Monday, November 9, 2009

Secret Warriors #9

Norman Osborn and his Dark Avengers have been ramping up their efforts to hunt down and eradicate Nick Fury's ragtag gang of Secret Warriors. This month, the excrement finally strikes the rotary cooling apparatus. Osborn's pet operatives with HAMMER have caught up with the Warriors at last, locating their base of operations before the stealthy sneaks can leave it behind, and Norman is ready to strike. With Ares and Bullseye in tow, the Iron Patriot is strapped in, geared up and ready for war, and with Nick Fury out of the house on a top secret mission, the bad guys' timing could not have been much better. Assuming, of course, that this wasn't all a part of the Warriors' plan?

The very first thing you're going to notice in this issue is the artwork of Alessandro Vitti, which I instantly fell in love with. His unconventional style and focus on individuality gives this team the identity they've sorely lacked since their first appearance in Mighty Avengers #13. I've always seen these guys as a vanilla cluster of also-rans – bland, flavorless and utterly forgettable – but it only took a few panels for Vitti to inject them with a compelling, much needed dose of energy. The stories he tells with each character's expressions, clothing and body language would take an eternity to spell out with words, which frees up his writer to concentrate on other aspects of the story.

Vitti also delivers one hell of a fight scene. He gets his chance to flex that particular muscle fairly frequently this month, with amazing results. It's been a long time since I've been this happy to see a set of two-page spreads crammed so closely together. Alessandro skimps on no detail when the Dark Avengers and Secret Warriors come to blows, and writer Jonathan Hickman wisely wastes little time getting us there. The artist's work in this kind of situation is bursting with vigor and overflowing with expressive details, while remaining easy to navigate and expertly composed. I must've spent ten minutes devouring the layout he's spread between pages nine and ten. It's genuinely fantastic work.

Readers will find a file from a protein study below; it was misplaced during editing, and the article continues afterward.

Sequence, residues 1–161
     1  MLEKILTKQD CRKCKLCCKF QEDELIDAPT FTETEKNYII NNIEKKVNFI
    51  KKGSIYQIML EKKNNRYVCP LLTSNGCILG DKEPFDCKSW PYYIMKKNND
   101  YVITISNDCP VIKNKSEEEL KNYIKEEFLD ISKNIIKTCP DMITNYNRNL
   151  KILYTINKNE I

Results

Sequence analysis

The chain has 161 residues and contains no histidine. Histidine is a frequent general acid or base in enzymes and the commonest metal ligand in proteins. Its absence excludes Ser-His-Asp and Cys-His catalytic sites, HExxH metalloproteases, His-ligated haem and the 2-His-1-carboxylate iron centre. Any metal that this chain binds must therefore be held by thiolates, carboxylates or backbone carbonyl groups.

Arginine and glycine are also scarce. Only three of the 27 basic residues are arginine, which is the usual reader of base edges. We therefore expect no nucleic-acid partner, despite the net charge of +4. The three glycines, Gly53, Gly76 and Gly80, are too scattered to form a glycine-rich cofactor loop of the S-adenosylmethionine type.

Jonathan Hickman's writing is equally refreshing. Spending most of the issue out of the limelight, Hickman uses his word balloons so sparingly, I began to wonder if he were working with a strict letter count. This issue cuts straight to the chase, which is a true change of pace in a landscape overpopulated by large, sweeping story arcs and constant dramatic pauses. Whether he's documenting a fistfight or a political maneuver, Hickman gets to the point without hesitation, and that's something I can really get behind.

I was prepared to hate this issue from the moment I laid eyes on it, but it quickly and cleanly worked to completely overcome that initial bias. It's a real surprise, an action book that doesn't shy away from its identity with a dash of spy work thrown in to spice things up. Hickman and Vitti have done magnificent work in taking one of Brian Michael Bendis's less interesting ideas and elevating it into something that's approachable, invigorating and explosive. This isn't what I thought it was, and chances are it's better than you're giving it credit for, as well. Buy it for the artwork alone, the solid storytelling is just icing on the cake.

On a scale of 1 to 10, where 1 is poor and 10 is amazing...
Overall Score: 8.5

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